The City of Portland cannot accept any responsibility for errors, omissions, or positional accuracy.
Source Dataset Type
Output Geodatabase EGH_Raster
Distribution Grid: State plane coordinate system 1983(91).
Units: International feet
Datum: North American Datum of 1983/1991 (HPGN)
Liability: The information in this file was derived from digital databases on the City of Portland GIS. Care was taken in the creation of this file. The City cannot accept any responsibility for errors, omissions, or positional accuracy. There are no warranties, expressed or implied.
Format: Shapefile or File Geodatabase Feature Class - Data will be provided via City of Portland FTP Site.
Online Resource:
Online Instructions: City of Portland Public/Open Data is distributed via the PortlandMaps Open Data Site - Data not available on the PortlandMaps Open Data site can be requested by contacting the City of Portland CGIS Group -
Transfer Size: varies
SPCS Zone Identifier: 5076
Kevin Martin
503 823-7710
503 823-7800
1900 SW 4th Avenue, Suite #7100
Portland, OR 97201

City of Portland - BPS
503 823-7700
503 823-7800
53818.png 138.94Kb X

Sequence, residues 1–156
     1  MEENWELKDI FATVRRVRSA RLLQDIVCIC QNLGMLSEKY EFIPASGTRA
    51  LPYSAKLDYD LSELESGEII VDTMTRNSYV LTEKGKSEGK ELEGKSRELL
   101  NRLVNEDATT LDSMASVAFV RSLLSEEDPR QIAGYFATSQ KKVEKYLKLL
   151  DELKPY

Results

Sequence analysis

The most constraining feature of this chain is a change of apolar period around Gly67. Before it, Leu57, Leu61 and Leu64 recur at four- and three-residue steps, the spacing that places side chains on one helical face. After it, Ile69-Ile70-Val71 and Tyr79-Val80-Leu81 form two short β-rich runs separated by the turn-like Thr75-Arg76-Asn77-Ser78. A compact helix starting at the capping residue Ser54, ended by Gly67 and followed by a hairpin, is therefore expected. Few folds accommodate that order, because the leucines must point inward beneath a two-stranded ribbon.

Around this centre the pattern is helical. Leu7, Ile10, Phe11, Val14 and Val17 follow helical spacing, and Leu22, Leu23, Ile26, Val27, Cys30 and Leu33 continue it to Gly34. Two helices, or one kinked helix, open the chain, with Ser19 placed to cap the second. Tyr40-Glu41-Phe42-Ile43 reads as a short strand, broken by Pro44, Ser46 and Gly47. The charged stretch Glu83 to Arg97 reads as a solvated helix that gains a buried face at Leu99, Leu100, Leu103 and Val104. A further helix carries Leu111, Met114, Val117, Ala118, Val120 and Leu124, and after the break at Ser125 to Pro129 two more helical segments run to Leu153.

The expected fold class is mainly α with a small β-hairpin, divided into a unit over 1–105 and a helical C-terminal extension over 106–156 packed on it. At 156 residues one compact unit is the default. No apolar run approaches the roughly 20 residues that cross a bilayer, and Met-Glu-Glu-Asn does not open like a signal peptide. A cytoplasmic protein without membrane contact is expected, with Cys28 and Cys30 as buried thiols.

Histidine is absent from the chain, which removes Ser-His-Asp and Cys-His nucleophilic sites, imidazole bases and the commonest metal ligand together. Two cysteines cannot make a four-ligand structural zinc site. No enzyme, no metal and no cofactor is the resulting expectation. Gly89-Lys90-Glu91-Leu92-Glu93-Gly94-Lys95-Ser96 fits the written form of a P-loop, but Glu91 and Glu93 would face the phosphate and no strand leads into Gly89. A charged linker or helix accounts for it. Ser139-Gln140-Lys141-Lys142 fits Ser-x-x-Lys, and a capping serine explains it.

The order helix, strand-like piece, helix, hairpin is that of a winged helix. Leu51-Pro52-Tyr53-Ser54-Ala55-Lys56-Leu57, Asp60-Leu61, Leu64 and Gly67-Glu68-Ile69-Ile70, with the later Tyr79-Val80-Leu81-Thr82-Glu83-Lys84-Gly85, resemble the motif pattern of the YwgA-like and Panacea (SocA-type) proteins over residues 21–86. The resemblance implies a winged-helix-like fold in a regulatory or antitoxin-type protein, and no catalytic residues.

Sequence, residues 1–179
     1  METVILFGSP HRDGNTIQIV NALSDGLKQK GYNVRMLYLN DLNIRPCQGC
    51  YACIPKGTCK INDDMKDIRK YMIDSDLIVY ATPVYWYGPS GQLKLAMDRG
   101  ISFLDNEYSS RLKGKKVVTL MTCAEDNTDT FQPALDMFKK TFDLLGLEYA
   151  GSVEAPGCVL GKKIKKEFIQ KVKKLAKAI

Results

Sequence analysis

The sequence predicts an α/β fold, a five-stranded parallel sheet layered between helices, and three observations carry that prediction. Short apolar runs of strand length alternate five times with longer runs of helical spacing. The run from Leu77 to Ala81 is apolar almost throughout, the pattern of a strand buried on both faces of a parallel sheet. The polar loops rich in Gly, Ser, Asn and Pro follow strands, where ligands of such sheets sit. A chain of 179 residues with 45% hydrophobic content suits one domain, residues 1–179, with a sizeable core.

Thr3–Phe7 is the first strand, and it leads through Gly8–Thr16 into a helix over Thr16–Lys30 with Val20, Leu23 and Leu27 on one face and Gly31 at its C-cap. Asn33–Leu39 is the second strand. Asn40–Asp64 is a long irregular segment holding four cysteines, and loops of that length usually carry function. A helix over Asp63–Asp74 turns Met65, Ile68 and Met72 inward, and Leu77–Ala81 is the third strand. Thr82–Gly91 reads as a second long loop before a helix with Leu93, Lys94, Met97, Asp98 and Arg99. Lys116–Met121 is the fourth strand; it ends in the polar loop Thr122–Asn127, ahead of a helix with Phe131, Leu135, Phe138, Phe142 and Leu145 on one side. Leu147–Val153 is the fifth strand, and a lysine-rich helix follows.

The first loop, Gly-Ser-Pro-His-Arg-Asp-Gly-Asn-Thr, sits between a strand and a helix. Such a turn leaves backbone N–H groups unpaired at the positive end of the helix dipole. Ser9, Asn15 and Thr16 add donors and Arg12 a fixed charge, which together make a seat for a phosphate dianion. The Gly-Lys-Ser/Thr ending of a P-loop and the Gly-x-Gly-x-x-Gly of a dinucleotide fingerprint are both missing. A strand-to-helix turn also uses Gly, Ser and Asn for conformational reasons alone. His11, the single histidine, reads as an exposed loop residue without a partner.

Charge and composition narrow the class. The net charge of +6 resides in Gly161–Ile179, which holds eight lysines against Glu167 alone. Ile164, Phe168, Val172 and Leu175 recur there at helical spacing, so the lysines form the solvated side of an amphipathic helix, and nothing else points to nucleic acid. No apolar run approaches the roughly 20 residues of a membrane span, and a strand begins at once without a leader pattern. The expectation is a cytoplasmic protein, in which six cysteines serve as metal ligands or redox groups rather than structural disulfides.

01/01/2004 LiDAR first return point returns for Tryon Creek watershed. LIDAR missions flown by TerraPoint and pre-processed by USGS. Refer to the PSLC website for more information ( This was a pilot project covering only the Tryon Creek watershed in Portland. Flown in March (leaf off).

01/01/2005 LiDAR first return points for Portland's West Hills and Columbia Slough watershed. LIDAR missions flown by TerraPoint and pre-processed by USGS. Refer to the PSLC website for more information ( This project covered all of Portland's West Hills and Columbia Slough watershed. Flown in March (leaf-off).

01/01/2006 2004/2005 data processing
Data was received from PSLC in the form of space-delimited ASCII files in the following format - X coordinate {space} Y coordinate {space} Z Value. Files were organized by USGS quadrangle (i.e., Q45122D64).